Usually we read this verse as instructing us about something that we humans offer to God.  However, the language (terumahti) clearly says that  God is offering us something - something that can be taken from the inspired and generous heart. And what is it that God offers us when we are open-hearted?  Open-heartedness brings a sense of connection, a feeling of safety, and an overwhelming gratitude for having something to be able to give. Generosity begets gratitude, a gratitude we ourselves feel (rather than the gratitude of whomever has been the recipient of our generosity). This gratitude further softens our heart and inspires us to greater opening, creating a flow of connection so that we become aware of the beauty and preciousness of the incredible mishkan of the Universe in which we live.

May we be moved to act generously toward ourselves and others. And may we discern, in the fruits of that generosity, the richness of life that God continually offers us.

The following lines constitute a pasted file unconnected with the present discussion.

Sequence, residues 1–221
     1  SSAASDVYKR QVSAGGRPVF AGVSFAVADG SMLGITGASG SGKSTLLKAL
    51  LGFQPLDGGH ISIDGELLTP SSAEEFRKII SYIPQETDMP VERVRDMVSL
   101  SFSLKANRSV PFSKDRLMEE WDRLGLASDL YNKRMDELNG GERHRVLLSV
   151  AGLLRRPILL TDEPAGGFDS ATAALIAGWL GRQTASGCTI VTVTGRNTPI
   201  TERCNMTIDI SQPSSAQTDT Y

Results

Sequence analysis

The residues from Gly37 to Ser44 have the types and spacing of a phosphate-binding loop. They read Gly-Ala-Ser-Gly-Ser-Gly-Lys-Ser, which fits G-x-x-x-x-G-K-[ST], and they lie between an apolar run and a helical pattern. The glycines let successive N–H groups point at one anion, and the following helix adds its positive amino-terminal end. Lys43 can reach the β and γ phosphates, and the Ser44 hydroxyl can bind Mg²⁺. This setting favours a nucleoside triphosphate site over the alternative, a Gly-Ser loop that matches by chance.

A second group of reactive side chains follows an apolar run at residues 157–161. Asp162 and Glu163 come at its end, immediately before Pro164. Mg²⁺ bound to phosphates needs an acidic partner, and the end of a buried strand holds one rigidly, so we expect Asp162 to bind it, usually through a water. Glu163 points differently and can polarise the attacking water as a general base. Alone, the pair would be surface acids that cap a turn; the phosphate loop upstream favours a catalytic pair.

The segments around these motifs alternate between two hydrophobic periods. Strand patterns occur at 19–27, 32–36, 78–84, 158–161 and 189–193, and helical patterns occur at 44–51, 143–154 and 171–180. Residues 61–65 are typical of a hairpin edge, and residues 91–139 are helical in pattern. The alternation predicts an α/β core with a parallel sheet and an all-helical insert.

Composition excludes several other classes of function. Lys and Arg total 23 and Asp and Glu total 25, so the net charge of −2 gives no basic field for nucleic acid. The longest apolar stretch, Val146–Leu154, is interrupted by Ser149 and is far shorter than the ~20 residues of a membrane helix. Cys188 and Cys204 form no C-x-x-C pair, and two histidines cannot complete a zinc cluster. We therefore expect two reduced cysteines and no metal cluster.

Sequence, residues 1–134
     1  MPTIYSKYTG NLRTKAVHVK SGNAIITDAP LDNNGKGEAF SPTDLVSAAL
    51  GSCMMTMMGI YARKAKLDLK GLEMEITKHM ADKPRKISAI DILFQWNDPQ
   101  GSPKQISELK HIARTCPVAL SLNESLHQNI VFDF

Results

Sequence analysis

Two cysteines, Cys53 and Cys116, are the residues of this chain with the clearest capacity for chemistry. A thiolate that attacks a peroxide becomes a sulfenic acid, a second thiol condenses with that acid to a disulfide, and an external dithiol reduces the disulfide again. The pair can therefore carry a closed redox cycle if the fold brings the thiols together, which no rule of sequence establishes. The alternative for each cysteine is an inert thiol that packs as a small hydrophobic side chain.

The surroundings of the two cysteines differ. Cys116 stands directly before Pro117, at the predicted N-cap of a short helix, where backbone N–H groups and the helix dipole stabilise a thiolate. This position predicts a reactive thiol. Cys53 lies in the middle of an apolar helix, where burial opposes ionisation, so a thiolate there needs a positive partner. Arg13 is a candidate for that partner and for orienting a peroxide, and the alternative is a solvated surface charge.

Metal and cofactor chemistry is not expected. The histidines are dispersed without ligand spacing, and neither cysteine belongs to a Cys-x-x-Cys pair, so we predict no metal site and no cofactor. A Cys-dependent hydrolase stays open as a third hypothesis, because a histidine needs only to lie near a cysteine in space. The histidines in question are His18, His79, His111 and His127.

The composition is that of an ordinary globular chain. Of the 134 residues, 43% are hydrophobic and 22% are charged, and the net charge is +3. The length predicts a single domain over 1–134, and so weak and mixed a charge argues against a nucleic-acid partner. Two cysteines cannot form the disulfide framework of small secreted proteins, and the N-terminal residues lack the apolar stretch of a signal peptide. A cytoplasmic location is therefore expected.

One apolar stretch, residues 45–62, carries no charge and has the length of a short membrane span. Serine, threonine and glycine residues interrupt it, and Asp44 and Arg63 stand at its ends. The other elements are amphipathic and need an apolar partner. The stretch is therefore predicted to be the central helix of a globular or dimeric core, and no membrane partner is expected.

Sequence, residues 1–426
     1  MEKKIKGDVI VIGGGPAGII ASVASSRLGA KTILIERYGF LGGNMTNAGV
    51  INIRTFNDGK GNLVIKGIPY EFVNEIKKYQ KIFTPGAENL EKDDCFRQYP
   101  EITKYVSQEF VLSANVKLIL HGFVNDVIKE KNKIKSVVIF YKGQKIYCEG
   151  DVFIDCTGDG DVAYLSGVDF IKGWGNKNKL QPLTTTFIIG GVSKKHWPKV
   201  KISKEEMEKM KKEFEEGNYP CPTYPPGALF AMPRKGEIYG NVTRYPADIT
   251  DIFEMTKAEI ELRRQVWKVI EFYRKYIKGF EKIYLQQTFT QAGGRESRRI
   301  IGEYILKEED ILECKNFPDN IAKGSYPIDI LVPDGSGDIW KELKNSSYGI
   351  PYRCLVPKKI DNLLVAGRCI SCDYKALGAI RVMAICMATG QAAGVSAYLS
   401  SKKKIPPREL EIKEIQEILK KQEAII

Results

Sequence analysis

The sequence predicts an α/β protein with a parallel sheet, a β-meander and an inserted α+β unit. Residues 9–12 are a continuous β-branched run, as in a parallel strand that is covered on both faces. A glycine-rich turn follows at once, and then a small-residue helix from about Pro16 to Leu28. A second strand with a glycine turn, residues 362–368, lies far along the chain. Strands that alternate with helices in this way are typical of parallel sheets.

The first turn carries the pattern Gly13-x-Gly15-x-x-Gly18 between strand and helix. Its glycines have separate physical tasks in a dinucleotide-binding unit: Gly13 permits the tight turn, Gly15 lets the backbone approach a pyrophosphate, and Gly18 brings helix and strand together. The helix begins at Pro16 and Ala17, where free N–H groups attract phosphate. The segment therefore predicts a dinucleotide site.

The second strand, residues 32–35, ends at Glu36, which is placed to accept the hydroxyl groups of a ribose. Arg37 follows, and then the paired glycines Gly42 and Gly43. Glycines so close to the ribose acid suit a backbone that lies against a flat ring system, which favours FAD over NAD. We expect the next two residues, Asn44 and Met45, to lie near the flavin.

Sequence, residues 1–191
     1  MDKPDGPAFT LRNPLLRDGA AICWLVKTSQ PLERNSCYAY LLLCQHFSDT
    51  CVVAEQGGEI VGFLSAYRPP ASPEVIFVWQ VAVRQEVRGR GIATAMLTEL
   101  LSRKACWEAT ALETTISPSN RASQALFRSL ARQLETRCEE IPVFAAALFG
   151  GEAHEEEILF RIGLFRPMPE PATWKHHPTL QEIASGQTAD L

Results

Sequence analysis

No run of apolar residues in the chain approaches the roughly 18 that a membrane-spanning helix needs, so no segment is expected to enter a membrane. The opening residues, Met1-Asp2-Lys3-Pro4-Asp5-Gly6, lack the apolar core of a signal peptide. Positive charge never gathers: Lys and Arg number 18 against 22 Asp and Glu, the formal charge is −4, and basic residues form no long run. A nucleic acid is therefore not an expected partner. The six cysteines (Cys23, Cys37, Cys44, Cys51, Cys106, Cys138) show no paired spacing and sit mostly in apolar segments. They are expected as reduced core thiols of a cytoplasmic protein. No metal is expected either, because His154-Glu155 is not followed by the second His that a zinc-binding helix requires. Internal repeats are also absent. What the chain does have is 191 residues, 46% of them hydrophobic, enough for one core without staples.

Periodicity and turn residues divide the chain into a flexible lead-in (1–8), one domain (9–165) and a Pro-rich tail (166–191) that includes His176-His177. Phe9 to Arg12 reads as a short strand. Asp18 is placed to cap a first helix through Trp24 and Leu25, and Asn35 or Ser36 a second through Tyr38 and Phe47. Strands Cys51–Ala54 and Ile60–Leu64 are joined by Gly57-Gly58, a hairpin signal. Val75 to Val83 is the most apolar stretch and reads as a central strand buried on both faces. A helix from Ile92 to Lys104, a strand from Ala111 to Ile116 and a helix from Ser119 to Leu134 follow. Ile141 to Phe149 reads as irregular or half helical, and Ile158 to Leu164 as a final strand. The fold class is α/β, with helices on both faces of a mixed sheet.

Friday, February 10, 2012

Yitro: Delegating to foster peace

Yitro: Exodus 18:13-14, 18, 23 – “And it came to pass on the morrow, that Moses sat to judge the people; and the people stood about Moses from the morning unto the evening.  And when Moses’ father-in-law saw all that he did to the people, he said: ‘What is this thing that you do to the people? Why do you sit alone, and all the people stand about you from morning to night? .  .  .  . You will surely wear away, both you, and this people that is with you, for the thing is too heavy for you; you are not able to perform it yourself alone.  .  .  .  If you will do this thing, and God command you so, then you shall be able to endure, and all this people also shall go to their place in peace.’    

Yitro wisely advised Moses to delegate his authority over the people to “rulers of thousands, rulers of hundreds, rulers of fifties, and rulers of tens.”  How often do we with best of intentions take on more obligations than we can wisely fulfill in relation to ourselves and others?
May we be blessed to heed the advice of Yitro, sharing our responsibilities, so that we endure and those we encounter go in peace.

Friday, February 3, 2012

Beshalach: Escorting each other through the wilderness

Parshat Beshalach: Exodus 13:17 – “Now when Pharaoh sent away the people, God did not lead them by way of the land of the Philistines, although it was nearer; for God said, “The people may have a change of heart when they see war, and return to Egypt.”